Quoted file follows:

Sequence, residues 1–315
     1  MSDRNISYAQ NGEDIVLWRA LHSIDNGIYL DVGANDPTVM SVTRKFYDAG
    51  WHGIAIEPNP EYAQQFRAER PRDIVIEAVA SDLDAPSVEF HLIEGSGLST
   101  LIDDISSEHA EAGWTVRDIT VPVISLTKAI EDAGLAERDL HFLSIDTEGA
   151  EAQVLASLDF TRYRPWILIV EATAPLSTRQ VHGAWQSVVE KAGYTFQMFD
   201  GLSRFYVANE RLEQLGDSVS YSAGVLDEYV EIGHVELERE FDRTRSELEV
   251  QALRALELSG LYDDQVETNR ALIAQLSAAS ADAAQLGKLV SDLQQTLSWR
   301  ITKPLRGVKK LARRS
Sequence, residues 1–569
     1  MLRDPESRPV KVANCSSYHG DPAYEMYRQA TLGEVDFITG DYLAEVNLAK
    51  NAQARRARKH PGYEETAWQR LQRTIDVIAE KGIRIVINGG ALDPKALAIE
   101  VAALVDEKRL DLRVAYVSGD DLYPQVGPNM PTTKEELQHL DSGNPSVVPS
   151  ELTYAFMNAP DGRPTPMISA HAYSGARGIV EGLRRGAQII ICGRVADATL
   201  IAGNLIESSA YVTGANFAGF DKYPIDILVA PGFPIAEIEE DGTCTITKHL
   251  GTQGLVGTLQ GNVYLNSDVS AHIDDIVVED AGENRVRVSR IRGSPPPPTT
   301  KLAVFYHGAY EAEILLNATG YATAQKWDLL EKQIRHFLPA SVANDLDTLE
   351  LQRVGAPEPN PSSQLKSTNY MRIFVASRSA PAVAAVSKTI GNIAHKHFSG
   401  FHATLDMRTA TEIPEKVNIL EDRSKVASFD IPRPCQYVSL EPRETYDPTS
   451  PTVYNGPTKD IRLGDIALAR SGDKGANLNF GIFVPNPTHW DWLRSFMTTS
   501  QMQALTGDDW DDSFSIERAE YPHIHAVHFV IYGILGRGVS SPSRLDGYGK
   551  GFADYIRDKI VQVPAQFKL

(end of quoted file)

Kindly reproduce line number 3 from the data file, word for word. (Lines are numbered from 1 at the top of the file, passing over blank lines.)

    51  WHGIAIEPNP EYAQQFRAER PRDIVIEAVA SDLDAPSVEF HLIEGSGLST